The details of the multi-billion dollar mortgage settlement between 49 state attorneys general and the nation’s five largest banks were filed this week in court. However millions of homeowners will still be left without aid.

Proponents of the settlement estimate that roughly 1 million underwater homeowners will receive aid in the form of principal reductions and another 750,000 homeowners will be able to refinance their loans to lower interest rates. CoreLogic, however, states that this is just a fraction of the 11 million homeowners who are currently underwater. reports:

“Principal reductions will also only apply to certain borrowers who have mortgages still held by the five major lenders: Bank of America, CitiBank, Wells Fargo, J.P. Morgan Chase and Ally Financial.

Borrowers who have a mortgage held by Fannie Mae or Freddie Mac — roughly half the market — are out of luck. Loans insured by the Federal Housing Administration are also ineligible.”

Unfortunately for many homeowners most loans are not retained by the original lenders. So if a borrower enters into a mortgage agreement with a bank, their loans are often sold to Fannie or Freddie and borrowers aren’t given a choice when their loans are sold.

Distressed homeowners throughout the country are outraged at the inequality the settlement offers. For the homeowners who bought responsibly and made their payments faithfully, the unfairness comes in the fact that their tax dollars are paying for government-funded programs to prevent foreclosures while irresponsible borrowers accrue the benefits like the ones offered in the settlement.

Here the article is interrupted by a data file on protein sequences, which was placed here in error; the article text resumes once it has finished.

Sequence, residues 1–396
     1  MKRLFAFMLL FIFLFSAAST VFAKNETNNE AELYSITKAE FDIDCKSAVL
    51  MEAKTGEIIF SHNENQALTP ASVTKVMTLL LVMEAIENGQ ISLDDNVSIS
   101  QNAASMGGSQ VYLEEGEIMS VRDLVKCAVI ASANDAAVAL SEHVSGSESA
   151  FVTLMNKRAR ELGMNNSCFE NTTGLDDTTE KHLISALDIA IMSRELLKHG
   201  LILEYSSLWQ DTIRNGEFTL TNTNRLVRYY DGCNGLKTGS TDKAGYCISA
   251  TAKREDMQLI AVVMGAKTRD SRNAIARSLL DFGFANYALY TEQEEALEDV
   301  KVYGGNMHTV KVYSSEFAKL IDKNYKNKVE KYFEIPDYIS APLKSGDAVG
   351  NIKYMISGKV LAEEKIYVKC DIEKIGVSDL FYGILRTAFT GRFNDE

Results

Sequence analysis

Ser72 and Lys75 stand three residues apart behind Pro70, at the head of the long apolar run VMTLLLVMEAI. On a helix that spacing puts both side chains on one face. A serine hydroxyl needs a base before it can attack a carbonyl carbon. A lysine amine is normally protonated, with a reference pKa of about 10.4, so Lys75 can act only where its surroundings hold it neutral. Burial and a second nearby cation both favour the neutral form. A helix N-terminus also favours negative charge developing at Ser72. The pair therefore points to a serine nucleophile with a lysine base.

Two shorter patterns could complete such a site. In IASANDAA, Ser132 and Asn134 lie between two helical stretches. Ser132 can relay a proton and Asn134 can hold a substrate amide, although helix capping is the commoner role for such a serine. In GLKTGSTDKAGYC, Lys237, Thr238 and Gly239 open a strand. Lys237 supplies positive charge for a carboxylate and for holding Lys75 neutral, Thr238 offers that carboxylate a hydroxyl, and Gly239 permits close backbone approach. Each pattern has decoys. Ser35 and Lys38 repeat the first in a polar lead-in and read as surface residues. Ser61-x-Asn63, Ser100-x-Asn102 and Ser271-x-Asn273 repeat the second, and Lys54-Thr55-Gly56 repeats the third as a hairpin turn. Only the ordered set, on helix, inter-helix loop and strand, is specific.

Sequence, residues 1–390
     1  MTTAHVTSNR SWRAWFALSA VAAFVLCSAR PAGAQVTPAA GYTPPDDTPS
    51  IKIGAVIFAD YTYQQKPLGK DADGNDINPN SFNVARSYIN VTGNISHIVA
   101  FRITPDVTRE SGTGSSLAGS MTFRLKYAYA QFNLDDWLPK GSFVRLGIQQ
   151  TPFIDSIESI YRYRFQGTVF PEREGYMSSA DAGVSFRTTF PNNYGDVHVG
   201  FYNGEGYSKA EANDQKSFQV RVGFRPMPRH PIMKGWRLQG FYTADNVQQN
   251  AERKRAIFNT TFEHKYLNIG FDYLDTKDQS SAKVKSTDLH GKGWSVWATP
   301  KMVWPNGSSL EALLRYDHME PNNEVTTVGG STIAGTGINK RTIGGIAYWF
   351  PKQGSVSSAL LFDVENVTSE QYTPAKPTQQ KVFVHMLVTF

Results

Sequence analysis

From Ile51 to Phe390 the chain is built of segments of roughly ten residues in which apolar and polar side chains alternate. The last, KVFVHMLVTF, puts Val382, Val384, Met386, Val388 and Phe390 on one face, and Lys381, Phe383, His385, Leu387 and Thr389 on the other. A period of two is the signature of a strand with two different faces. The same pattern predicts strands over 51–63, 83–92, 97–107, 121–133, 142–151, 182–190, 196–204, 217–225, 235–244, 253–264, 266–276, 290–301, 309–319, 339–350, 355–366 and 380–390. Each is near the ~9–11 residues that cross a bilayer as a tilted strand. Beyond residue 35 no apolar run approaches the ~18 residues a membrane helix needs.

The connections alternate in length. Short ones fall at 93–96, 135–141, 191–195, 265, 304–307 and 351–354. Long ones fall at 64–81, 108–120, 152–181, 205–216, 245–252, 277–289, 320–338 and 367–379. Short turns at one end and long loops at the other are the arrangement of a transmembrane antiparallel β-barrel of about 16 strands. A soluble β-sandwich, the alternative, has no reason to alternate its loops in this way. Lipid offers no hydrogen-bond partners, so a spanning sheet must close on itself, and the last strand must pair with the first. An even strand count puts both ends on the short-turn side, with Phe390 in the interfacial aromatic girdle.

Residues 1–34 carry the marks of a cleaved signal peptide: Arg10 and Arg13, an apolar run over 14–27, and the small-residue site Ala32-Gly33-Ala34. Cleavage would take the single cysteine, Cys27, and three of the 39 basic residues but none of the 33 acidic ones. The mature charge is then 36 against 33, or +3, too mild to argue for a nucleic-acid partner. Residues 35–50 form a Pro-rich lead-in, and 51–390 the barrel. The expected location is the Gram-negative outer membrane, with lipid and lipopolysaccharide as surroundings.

Additionally, some borrowers may qualify for much larger reductions than others, as well. states:

“Bank of America, for example, said it will slash mortgage balances by an average of $100,000 or more for roughly 200,000 homeowners. The goal, according to BofA, is to reduce the amount owed on the home to 100% match the current market value. Meanwhile, the other four major mortgage lenders, CitiBank, Wells Fargo, JPMorgan Chase and Ally Financial, are expected to reduce qualified borrowers’ principal to between 115% and 125% of the value of their homes — an amount that the Department of Housing and Urban Development said should average about $20,000.”

Obama Makes Mortgage Refis Easier and Cheaper to Obtain

March 12, 2012 Leave a comment

President Obama has announced that the Federal Housing Administration will lower mortgage insurance premiums for borrowers who refinance their loans under a new plan to improve the housing market.